1/2 cup (125 ml) vodka

2 1/2 cups club soda

2 cups buttermilk

1 quart peanut oil

2 pounds Wisconsin cheese curds

Cooking Directions:

In large bowl, mix all dry ingredients, reserving 1/2 cup rice flour. In another large bowl, mix vodka, club soda and buttermilk; stir into dry ingredients. Add enough additional club soda to make thin, pancake-like batter.

Heat oil in medium saucepan or deep fryer to 350°F. Toss cheese curds in reserved 1/2 cup rice flour. In batches, dip curds in vodka batter. Add to oil one at a time. Do not crowd, frying a few at a time. Fry until batter is browned and crisp and cheese is melted, 30 to 60 seconds. Drain. Serve immediately. The chef serves with a house ranch dip on the side.

You can also use fresh cheese curds in salad recipes like this twist on the classic Waldorf salad (the curds replace the traditional chicken in this version).


Number of Servings: 4


1 teaspoon fresh lemon juice, plus additional for apples

3/4 cup plain yogurt

2 medium tart apples

2 ounces (1/2 cup) shredded Wisconsin Swiss cheese, shredded

2 ounces (1/2 cup) Wisconsin Cheddar cheese curds

1/2 cup sliced celery, sliced

1/3 cup seedless green or red grapes, halved

1/4 cup walnuts, coarsely chopped

Lettuce leaves

Cooking Directions:

In a small mixing bowl stir 1 teaspoon lemon juice into yogurt; cover and chill. Cut apples into thin slices, leaving peel on; sprinkle with additional lemon juice. Toss.

In medium mixing bowl toss together apple slices, Wisconsin Swiss cheese and Wisconsin Cheddar curds, celery, grapes and walnuts. Serve on individual lettuce-lined salad plates; top with spoonfuls of yogurt mixture.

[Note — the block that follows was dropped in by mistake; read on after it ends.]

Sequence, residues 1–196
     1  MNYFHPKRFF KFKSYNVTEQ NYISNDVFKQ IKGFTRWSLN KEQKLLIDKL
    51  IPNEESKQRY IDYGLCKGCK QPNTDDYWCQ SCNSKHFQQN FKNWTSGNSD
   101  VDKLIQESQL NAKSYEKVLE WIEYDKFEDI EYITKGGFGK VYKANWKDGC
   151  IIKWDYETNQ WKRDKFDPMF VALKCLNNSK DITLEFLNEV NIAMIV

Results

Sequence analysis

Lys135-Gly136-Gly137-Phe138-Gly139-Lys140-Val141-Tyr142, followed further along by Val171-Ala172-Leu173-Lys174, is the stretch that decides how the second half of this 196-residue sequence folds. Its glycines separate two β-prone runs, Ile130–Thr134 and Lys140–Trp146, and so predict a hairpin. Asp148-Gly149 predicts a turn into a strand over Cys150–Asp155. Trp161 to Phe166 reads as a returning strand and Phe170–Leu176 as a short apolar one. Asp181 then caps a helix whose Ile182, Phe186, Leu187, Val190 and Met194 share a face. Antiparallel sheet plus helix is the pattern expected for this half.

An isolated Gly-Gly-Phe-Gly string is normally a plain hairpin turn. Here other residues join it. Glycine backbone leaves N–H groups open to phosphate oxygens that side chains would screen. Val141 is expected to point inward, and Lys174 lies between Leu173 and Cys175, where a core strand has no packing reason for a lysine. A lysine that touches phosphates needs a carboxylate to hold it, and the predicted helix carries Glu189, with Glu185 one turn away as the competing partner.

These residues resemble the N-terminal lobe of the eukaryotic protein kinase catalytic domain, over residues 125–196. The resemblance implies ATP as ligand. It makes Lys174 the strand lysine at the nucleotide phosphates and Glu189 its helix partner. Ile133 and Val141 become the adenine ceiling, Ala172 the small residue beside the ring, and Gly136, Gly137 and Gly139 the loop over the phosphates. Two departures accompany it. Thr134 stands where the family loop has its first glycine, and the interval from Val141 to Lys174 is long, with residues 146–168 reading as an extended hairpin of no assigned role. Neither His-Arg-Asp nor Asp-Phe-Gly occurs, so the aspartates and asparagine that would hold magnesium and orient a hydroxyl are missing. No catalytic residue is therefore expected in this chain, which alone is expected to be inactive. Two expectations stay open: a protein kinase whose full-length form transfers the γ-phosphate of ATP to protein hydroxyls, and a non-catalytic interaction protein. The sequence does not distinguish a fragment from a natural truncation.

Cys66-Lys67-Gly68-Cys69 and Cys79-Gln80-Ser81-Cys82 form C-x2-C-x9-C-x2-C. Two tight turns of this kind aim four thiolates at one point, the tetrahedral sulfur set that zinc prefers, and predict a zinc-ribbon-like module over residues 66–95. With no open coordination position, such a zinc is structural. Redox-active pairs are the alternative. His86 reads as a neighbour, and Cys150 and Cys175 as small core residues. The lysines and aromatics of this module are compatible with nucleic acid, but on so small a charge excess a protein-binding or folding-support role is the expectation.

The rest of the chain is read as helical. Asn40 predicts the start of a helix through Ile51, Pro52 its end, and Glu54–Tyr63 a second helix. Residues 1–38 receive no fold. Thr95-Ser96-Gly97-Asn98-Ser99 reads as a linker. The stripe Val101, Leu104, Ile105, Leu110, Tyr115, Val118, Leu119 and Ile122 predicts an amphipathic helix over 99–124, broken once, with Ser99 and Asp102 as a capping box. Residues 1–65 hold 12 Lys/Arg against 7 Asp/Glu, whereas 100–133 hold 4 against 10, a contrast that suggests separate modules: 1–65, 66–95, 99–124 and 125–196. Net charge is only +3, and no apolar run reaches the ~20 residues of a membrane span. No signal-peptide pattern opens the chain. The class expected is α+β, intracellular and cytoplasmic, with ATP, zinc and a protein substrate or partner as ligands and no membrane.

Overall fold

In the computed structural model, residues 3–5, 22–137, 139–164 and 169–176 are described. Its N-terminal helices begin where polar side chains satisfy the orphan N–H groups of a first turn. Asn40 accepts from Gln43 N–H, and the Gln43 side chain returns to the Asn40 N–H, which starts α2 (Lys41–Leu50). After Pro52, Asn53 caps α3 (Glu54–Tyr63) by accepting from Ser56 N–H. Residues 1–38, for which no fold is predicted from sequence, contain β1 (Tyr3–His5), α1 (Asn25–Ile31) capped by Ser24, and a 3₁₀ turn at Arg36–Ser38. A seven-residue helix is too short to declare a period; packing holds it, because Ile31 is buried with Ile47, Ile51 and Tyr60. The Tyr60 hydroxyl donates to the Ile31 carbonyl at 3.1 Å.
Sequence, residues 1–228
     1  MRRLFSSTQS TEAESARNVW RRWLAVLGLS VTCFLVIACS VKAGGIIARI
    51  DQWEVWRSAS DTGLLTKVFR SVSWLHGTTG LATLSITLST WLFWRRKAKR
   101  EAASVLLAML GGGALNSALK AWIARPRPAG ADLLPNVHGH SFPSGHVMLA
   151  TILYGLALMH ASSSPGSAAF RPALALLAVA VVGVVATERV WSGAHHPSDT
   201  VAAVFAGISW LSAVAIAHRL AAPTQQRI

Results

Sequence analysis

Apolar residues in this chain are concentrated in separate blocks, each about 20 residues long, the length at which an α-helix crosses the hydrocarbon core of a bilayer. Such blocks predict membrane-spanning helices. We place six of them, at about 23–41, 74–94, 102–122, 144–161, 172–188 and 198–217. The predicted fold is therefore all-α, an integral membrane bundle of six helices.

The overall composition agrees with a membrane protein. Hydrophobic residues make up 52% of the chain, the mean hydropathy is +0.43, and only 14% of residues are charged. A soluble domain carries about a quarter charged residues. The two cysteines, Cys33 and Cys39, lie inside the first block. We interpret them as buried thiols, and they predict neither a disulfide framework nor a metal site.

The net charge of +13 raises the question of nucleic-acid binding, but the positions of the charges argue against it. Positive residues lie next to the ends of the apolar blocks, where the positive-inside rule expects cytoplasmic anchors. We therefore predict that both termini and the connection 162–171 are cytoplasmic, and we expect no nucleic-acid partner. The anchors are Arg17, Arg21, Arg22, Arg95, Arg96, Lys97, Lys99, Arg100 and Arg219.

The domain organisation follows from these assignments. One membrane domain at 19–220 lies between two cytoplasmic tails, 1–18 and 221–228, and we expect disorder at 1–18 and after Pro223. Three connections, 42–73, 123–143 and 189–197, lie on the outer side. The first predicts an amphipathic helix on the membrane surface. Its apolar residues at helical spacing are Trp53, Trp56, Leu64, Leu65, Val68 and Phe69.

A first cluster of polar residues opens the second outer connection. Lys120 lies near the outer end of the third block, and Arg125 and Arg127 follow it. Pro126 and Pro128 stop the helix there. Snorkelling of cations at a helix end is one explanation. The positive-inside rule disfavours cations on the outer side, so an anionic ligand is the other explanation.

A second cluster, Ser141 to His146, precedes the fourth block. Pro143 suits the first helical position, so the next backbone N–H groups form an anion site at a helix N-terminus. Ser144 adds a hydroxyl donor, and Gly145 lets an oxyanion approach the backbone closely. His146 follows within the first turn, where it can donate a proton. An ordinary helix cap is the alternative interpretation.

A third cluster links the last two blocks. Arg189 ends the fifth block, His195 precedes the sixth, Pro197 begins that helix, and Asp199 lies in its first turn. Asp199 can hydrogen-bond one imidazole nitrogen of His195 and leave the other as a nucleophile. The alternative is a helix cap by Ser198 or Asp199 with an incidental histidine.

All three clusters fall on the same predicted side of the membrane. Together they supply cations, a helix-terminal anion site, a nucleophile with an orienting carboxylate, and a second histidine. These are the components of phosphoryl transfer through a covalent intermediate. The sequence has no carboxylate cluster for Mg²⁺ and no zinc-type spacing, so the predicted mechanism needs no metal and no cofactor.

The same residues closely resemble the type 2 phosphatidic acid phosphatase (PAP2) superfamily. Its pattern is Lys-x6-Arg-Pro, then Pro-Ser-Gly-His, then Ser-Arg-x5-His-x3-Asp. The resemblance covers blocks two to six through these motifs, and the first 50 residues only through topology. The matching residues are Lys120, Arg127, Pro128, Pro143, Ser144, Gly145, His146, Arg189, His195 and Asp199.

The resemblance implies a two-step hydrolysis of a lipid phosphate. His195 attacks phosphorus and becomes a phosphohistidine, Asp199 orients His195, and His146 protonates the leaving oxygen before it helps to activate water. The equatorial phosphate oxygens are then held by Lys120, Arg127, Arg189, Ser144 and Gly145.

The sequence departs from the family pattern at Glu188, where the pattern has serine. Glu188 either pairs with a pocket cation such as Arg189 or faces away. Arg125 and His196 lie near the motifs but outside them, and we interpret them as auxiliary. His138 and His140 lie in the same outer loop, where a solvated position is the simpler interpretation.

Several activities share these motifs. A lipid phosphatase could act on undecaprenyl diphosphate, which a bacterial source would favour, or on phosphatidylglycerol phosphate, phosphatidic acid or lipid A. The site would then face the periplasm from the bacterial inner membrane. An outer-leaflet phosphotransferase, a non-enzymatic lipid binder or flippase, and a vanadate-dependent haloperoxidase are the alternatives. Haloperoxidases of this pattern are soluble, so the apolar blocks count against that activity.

Canadians Like Cheese Curds, Too

To see whether you are a bona fide curd lover, try a Canadian dish called poutine, which is simply a mound of French fries topped with cheese curds, then smothered with hot, brown gravy. That’s serious comfort food on a plate!

Squeaky Cheese Is Fresh Cheese

One of the benefits of buying cheese at a cheese plant is that soon after the cheese curd is formed, it literally “squeaks” when bitten. For those who buy cheese at the grocery store, or order it online, like at, the squeak mysteriously disappears a few hours after opening the package. To reactivate the squeak, simply microwave the curds for just a few seconds. Be careful not to turn the curds into fondue!



Comments (4)

[…] are cheese curds anyway? The Wisconsin Cheeseman states that cheese curds are: Fresh Cheddar cheese in its natural, random shape and form before […]

Can you freeze these curds?

Yes, fresh curds do freeze well. If you are keeping them for an extended period of time, place small amounts in freezer bags. Before eating, just microwave them on defrost to enjoy warm curds.

[…] Whiskey Bar—with it’s huge dance floor—and a nearby Dog Haus for late night fried cheese curds located right by the other cute, trendy, slightly over-priced bars. Better yet! If you’re […]